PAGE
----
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    Mayor O'Neill's "State of the City" Address: Jan. 14, 2003

    (January 14, 2003) -- In the public interest, posts below the text of Mayor Beverly O'Neill's State of the City Address as prepared for delivery. also plans to post our transcript of the address as delivered. Check back with this page and our front page in coming days for the forthcoming link.

    The City Charter requires that by the 15th of January, the Mayor "shall communicate by message to the City Council a statement of the conditions and affairs of the City, and make recommendations on such matters as the Mayor may deem expedient and proper."

    Text below is as prepared for delivery, provided by the Mayor's office.


    Thank you, David and good afternoon everyone and welcome. It is my pleasure to be here again and presenting to you the State of the City.

    One year ago when I stood before you and delivered my eighth State of the City address, I had no way of knowing for certain whether or not I would be here today. This is the first opportunity I’ve had since June to tell you how much I appreciate your support and how honored I am to be serving as your Mayor for four more years.

    We have come a long way since my first State of the City address on a rainy day in 1995, and there is still much to do, and thanks to all of you, I get to do it with you.

    In the first two years our focus was to find anything that we could celebrate. In the earlier State of the City speeches I discussed our potential and the transition that we had to make. We talked about the transition from a city of the past to a model for the future.

    We discussed a future brimming with promise, and then we took the opportunity to honor the past, celebrate the present and embrace the future. And finally we discussed a decade of change, and how we had a challenging future of opportunities.


    2002 was not the best year in our history -- we are beset with a growing structural deficit, with an uncooperative economy, alarming deficits at the state level, and uncertainty in the world. Our issues and problems are not much different than what most other cities are facing today, especially California cities that must keep a wary eye on Sacramento and decisions they make that affect local governments.

    Our structural deficit is the most serious financial problem our City has faced since the early 1990s -- serious enough to require a complete review of city services and the resources that fund them. I have reconvened the Mayor’s Budget Advisory Committee, first established in 1995, and added several additional Long Beach residents to the original four. They represent a variety of backgrounds and have been meeting regularly for several months.

    They have been reviewing the City budget, current operations and sources of revenue. They have evaluated short-term cost-saving and revenue-raising measures and long-term policy modifications. At this time I would like to introduce members of the Mayor’s Budget Advisory Committee.

    The advisory committee is only part of a very comprehensive budget evaluation process that is being led by our Acting City Manager, Jerry Miller, who is doing an excellent job. Let me outline briefly some of the actions that have been ongoing for several months.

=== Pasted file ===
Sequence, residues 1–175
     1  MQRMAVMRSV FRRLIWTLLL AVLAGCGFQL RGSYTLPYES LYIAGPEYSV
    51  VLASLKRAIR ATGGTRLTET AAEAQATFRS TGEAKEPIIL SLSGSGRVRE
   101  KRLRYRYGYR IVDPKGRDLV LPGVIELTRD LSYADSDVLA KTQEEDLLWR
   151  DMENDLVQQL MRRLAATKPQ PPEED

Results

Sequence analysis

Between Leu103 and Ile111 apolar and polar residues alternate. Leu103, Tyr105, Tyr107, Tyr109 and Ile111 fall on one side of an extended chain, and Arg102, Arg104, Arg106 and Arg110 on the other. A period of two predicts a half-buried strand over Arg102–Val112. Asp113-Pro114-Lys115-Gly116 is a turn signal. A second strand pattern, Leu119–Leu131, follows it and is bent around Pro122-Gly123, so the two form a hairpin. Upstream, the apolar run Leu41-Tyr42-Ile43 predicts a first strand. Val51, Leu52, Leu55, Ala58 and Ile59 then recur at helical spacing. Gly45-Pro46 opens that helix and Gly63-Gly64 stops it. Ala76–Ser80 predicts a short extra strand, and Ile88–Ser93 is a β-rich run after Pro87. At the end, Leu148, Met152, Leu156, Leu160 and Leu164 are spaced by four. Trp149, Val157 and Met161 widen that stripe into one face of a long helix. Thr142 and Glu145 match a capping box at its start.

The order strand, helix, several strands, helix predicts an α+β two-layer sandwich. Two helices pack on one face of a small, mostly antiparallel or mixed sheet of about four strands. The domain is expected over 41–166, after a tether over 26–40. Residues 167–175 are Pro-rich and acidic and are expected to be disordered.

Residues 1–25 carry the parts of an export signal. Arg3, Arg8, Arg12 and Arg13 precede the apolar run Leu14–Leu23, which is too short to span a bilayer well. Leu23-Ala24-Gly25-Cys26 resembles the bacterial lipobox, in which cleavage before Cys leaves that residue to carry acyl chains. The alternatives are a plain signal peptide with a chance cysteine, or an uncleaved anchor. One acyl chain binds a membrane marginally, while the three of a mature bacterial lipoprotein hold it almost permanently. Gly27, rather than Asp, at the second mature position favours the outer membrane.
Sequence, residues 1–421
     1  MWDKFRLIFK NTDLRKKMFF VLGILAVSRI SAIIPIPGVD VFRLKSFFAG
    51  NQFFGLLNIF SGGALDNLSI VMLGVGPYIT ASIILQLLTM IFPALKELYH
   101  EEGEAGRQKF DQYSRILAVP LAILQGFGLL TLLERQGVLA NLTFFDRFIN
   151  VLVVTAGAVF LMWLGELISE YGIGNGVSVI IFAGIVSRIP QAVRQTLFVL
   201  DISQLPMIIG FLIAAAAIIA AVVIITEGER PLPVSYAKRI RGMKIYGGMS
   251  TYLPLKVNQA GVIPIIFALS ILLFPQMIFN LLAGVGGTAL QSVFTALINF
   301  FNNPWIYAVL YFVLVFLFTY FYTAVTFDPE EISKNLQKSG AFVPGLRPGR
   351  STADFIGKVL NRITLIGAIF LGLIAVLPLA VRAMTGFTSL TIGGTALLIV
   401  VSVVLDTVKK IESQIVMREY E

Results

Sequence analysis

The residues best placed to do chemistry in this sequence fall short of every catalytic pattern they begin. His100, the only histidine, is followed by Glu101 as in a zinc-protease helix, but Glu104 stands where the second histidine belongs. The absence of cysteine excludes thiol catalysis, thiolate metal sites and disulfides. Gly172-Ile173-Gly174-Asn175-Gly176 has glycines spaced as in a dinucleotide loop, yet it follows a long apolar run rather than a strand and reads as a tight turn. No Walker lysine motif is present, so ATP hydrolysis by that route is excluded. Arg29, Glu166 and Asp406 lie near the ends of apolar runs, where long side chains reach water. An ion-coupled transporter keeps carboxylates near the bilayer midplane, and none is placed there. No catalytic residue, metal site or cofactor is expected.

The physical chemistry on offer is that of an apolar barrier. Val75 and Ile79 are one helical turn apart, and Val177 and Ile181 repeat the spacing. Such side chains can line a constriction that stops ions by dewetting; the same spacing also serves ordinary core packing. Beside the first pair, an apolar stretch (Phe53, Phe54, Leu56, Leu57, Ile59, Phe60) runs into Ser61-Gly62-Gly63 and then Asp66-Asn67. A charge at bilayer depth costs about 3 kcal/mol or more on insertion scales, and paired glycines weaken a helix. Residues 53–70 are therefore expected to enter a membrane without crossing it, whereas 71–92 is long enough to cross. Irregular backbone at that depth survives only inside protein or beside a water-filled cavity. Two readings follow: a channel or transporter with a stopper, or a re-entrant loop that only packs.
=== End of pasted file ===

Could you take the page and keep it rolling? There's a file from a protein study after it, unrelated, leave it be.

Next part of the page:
The process has two very distinct goals. The first is to address the immediate gap facing the City in the 2003/04 fiscal year, and the second is to create a comprehensive approach on a fiscal strategy for a three-year financial strategic plan.

    The evaluation process includes stakeholders throughout the city, the City Council, the Budget Advisory Committee, community members and City employees. Many of you have been a part of that process and it is a process unlike any that our city has previously undergone.

    A spending curtailment and a hiring freeze was put into place at the beginning of the fiscal year. Expenditures are being reviewed to ensure that only essential purchases are being made and hiring is only occurring to fill essential positions. There will be a complete review of all City salaries, benefits and staffing levels.

    We also launched a massive grassroots outreach effort to residents and businesses. Presentations were made at over 80 board, commission, advisory committee and neighborhood associations.

    A community survey was created and mailed to residents and businesses and published in local newspapers

    Over ten thousand of those surveys were completed and returned to us. A town Hall meeting was held on November 23 at the Convention Center to elicit input and ideas.

    City departments were asked to prioritize services and programs within its core mission and all city employees were asked for assistance.

    The results of this incredibly ambitious endeavor were made public last week. The plan put forth budget reductions and a re-allocation of assets and resources that will greatly reduce the structural deficit over the next three years. This document and the recommendations of the Budget Advisory Committee will be brought to the City Council at a workshop on January 28 for discussion. I will comment on the new State budget proposal later.